Additional Suggested Readings:
Carmines, Edward G. and James A. Stimson. 1989. Issue Evolution: Race and the Transformation of
American Politics, Princeton University Press.
Carmines, Edward G. and James A. Stimson. 1982. Racial Issues and the Structure of Mass Belief
Systems. Journal of Politics, 44:2-20.
October 21st
Political and Social Change: The Religious Divide and Cultural Politics in
the United States
Layman, Geoffrey. 2001. The Great Divide: Religious and Cultural Conflict in American Party Politics.
NY: Columbia University Press. (Chapters on Blackboard)
Leege, David, Kenneth Wald, Brian Krueger and Paul Mueller. 2002. The Politics of Cultural
Differences: Social Change and Voter Mobilization Strategies in the Post-New Deal Era.
Princeton, NJ: Princeton University Press. (Chapters on Blackboard)
Hout, Michael, Andrew Greeley and Melissa J. Wilde. 2001. "The Demographic Imperative in Religious
Change in the United States." American Journal of Sociology 107:468-500.
Brooks, Clem. 2004. "A Great Divide? Religion and Political Change in U.S. National Elections, 19722000." The Sociological Quarterly 45:421-50.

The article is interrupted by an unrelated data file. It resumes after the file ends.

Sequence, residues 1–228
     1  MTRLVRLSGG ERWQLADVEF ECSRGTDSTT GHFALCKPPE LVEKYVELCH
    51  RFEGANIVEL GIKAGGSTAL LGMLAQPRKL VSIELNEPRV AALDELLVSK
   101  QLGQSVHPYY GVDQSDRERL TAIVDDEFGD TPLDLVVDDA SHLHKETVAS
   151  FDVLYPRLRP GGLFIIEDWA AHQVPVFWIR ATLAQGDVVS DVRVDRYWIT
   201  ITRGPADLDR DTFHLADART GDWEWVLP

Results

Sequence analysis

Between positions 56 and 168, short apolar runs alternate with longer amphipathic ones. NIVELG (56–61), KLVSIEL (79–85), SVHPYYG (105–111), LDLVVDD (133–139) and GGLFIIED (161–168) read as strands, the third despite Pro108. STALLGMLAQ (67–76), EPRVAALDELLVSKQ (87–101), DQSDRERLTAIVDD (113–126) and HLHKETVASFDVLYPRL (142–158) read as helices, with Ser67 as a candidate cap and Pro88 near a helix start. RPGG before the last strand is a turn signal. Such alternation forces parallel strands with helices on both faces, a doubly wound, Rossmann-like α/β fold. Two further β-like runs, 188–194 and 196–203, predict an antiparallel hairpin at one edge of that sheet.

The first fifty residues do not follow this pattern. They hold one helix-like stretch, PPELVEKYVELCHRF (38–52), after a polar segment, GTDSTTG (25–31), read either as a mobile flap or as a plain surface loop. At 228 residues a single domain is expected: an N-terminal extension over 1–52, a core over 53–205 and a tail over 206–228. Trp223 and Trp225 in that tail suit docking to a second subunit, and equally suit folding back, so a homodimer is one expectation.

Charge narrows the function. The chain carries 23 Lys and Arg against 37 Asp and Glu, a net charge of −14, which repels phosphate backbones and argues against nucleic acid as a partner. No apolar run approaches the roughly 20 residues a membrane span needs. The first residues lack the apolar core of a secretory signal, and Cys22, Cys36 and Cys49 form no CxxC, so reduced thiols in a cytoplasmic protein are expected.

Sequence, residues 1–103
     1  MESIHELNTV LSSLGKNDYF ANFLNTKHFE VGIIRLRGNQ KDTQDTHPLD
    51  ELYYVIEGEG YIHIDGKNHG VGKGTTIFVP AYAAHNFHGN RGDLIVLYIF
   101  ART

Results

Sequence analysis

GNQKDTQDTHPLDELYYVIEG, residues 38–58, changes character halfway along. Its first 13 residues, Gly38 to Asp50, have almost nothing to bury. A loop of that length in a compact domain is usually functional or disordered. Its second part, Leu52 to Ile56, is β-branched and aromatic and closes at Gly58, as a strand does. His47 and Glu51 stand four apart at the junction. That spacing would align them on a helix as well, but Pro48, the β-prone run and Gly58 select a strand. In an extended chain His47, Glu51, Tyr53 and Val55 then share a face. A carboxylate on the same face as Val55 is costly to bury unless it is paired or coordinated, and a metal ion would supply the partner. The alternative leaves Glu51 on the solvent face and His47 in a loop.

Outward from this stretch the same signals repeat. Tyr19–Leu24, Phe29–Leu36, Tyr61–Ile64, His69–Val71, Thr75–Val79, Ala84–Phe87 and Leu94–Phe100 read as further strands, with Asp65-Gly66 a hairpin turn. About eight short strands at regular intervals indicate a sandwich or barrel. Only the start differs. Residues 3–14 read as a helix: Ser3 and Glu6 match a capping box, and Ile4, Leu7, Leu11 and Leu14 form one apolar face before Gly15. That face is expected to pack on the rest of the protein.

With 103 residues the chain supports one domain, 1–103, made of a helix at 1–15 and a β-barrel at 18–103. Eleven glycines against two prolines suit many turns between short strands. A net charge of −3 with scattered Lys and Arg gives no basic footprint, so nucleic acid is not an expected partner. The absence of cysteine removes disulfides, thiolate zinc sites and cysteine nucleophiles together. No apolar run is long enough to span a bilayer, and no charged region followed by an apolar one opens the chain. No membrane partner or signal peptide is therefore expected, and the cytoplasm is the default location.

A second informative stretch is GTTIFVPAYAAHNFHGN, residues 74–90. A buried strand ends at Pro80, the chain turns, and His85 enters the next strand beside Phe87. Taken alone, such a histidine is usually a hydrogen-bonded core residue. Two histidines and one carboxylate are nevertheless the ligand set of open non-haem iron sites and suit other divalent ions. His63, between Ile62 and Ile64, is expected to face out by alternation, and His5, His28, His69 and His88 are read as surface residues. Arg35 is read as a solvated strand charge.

October 28th
Public Religion: Religious Pluralism, Subcultural Identity, and Moral
Cosmology
Regnerus, Mark D. and Christian Smith. 1998. "Selective Deprivatization among American Religious
Traditions: The Reversal of the Great Reversal." Social Forces 76:1347-72.
Woodberry, Robert D. and Christian S. Smith. 1998. "Fundamentalism Et Al: Conservative Protestants in
America." Annual Review of Sociology 24:25-56.
Smith, Christian,with Michael Emerson, Sally Gallagher, Paul Kennedy, and David Sikkink. 1998.
American Evangelicalism: Embattled and Thriving. Chicago, IL: University of Chicago Press.
Chpt. TBA
Davis, Nancy and Rob Robinson. 2006. The egalitarian face of Islamic orthodoxy: Support for Islamic
law and economic justice in seven Muslim-majority nations. American Sociological Review
71:167-90.
Additional Suggested Readings:
Wuthnow, Robert and Matthew Lawson. 1994. “Sources of Christian Fundamentalism in the United
States” in Accounting for Fundamentalisms: The Dynamic Character of Movements, edited by
Martin Marty and R. Scott Appleby pp. 18-56. Chicago: University of Chicago Press.